Want a way to give back to your community and have a lot of fun in the process?
There’s no better way than hosting a Red Cross blood drive.
By Mariwyn Evans, American Red Cross volunteer
NASHVILLE, Tenn., Dec. 1, 2021 - Few volunteer efforts have a more immediate impact more than a blood drive. Every year, hospitals and doctors use about 36,000 units of blood to save the lives of accident victims, premature babies, surgical patients, and sufferers from chronic blood conditions. Maintaining a reliable supply of blood is essential for every community’s well-being.
How can I help?
You and your organization, church, home-owners association, or company can play a critical role in this effort by hosting a blood drive. Hosting a drive is also a great way to build teamwork and to make the public aware of your organization.
If you’ve ever given blood, you’re familiar with the basics of what a blood drive event looks like. If you are organizing the event, here are some expert tips on how to make the drive run smoothly.
1. Check in with the experts. Go to RedCrossBlood.org, where you’ll find A Guide for the Blood Program Leader, which will walk through the entire process. You will also connect with a Red Cross account manager for your event. The manager will help you select a date, advise on promoting your drive, and arrange for Red Cross equipment and staff. You should contact your account manager at least three months before you want to host your blood drive.
2. Gauge group interest. “In addition to two- or three-person team to help you run the drive, you will need a minimum of 25 scheduled donors,” says Jason Streger, account manager with the American Red Cross, Tennessee Region. “Contact other members of your group via email, phone, and social media to develop a potential donor list. Later you can create an actual donor appointment schedule using the Red Cross online system.”
3. Pick a location. To accommodate the equipment for a blood drive, you need about 1,000 square feet of climate-controlled space. You’ll also want convenient parking, minimal stairs, and accessible bathrooms. If you don’t have the right facilities, the Red Cross can bring its blood drive bus.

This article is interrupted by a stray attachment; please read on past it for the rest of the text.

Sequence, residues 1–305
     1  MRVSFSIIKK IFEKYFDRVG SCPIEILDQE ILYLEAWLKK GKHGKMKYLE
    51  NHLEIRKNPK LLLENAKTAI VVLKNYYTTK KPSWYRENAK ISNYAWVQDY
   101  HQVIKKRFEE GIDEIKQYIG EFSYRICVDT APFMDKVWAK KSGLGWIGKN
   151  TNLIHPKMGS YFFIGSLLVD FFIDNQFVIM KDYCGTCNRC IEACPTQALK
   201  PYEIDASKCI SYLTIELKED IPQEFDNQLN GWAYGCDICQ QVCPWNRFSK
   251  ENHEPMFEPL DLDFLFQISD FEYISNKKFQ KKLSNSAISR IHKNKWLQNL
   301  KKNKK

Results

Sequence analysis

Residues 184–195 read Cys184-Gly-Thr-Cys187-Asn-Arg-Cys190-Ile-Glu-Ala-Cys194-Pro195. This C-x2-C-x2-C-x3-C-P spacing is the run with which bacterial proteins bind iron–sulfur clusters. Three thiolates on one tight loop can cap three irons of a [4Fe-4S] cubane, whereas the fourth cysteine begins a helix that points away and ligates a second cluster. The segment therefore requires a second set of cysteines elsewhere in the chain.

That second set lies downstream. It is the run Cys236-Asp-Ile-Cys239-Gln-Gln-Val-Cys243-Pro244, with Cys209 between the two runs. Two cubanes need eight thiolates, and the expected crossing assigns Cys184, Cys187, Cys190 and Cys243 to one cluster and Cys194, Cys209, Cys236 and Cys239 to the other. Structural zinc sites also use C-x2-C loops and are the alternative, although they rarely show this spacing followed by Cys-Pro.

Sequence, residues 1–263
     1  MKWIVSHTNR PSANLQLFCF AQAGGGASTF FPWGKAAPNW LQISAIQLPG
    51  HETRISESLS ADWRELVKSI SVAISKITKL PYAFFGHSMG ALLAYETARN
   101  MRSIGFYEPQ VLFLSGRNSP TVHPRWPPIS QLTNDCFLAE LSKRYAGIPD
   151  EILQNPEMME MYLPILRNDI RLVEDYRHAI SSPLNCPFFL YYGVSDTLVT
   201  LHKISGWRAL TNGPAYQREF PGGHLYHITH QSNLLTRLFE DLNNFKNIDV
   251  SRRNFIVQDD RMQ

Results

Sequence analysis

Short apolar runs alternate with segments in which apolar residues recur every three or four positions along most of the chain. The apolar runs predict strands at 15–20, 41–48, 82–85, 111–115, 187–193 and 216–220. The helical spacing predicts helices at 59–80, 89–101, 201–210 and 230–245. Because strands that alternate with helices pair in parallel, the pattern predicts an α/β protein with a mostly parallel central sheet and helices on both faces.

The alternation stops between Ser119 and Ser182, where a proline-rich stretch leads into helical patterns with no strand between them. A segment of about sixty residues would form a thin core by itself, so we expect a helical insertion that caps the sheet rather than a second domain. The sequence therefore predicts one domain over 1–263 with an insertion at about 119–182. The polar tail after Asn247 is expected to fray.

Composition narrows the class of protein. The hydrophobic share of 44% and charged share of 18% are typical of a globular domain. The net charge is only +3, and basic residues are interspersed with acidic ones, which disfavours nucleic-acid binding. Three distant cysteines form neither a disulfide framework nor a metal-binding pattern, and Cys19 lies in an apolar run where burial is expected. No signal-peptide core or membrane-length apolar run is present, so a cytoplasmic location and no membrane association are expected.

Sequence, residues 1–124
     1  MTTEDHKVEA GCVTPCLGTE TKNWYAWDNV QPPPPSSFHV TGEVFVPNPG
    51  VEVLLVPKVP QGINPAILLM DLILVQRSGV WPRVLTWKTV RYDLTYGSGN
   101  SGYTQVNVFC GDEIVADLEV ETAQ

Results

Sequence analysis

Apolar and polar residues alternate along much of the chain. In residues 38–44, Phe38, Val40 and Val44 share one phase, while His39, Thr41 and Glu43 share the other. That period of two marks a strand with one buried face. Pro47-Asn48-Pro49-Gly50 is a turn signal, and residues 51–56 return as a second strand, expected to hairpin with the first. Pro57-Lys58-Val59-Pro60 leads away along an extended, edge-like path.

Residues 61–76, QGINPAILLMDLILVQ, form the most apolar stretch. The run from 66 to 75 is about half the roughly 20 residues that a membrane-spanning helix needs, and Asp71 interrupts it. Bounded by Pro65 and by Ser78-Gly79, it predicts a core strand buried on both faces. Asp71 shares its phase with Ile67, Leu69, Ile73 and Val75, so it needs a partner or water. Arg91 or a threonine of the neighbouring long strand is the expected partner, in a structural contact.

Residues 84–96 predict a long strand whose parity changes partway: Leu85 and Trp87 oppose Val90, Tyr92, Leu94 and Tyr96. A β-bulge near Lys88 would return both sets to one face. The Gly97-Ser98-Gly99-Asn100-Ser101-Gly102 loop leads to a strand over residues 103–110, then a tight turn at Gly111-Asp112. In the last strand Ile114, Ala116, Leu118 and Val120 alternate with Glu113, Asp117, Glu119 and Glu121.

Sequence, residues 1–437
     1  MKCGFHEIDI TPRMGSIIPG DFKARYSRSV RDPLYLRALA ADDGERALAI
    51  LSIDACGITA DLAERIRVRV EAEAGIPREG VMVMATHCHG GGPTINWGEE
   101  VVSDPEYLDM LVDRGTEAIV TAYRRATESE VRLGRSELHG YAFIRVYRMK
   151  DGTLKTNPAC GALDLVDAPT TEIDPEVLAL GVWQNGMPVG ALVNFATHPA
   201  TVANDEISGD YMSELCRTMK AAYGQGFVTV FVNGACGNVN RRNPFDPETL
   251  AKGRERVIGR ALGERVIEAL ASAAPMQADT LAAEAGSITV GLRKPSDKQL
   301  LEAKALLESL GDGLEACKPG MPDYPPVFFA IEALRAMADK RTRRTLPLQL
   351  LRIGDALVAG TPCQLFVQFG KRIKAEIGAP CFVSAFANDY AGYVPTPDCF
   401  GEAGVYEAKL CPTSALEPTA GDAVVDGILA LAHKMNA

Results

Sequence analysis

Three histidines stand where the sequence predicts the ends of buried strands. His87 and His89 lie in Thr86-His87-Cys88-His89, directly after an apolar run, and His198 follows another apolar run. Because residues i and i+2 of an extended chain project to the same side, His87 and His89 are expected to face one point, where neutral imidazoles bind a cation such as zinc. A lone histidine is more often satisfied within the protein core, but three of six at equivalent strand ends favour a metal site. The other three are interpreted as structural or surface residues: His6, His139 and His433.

4. Generate enthusiasm and participation. In the four to six weeks leading up to your event, you’ll want to post flyers, send emails, and use your group’s web page and social media to build participation. “The biggest challenge is being sure you have an audience of supporters willing to donate,” advises Sarah Arntz, an archive associate for the Nashville Public Library, who’s led several blood drives. Arntz uses her blog to reach out to other library employees.
5. Make your event a community celebration. If you want, add giveaways from local businesses, information on your club, entertainment, and refreshments as a complement to your drive. “A blood drive doesn’t have to be a rigid event,” says Streger. Have information about your company or club on hand to build community awareness.
6. Staff up for the big day. While the Red Cross will provide all the necessary medical equipment, you will need between six and 12 volunteers to help run your event. Plan on arriving an hour ahead to help with set up and welcome early birds. You’ll want a check-in table for donors and chairs where they can rest and enjoy refreshments after the procedure. Drives typically last between four and six hours, so you may want to stagger volunteers, suggests Streger.
7. Say “Thanks!” Within a week of the drive, review the event with your team and account manager to fine-tune the process. Reach out to thank your donors by personal note, phone call, or email. “Blood donors are doing something everyone isn’t willing or able to do. They are giving back to their communities,” says Streger.
COVID-19 STRAINS BLOOD SUPPLY FOR PATIENTS To meet the increasing needs of hospital patients, the Red Cross distributed 250,000 more blood products in 2021 than last year, until the delta variant began to spread in August. The pandemic also resulted in fewer blood drives at schools and colleges, contributing to a 34% drop in new blood donors from last year — one of the largest year-to-year decreases and one that could threaten essential medical care for patients. Locally, the Tennessee Red Cross Region has experienced a 31% decrease in new blood donors this year.
As a result of low blood donor turnout in recent months, the Red Cross is heading into the holidays with its lowest blood supply in more than a decade at this time of year. Blood donations are desperately needed now to meet the needs of accident and burn victims, heart surgery and organ transplant patients, and those receiving treatment for leukemia, cancer, or sickle cell disease.
Help is needed now more than ever to combat critical blood shortage across the country and right here at home. You can find out more about how you can make a difference at RedCrossBlood.org, or by volunteering at RedCross.org/Tennessee.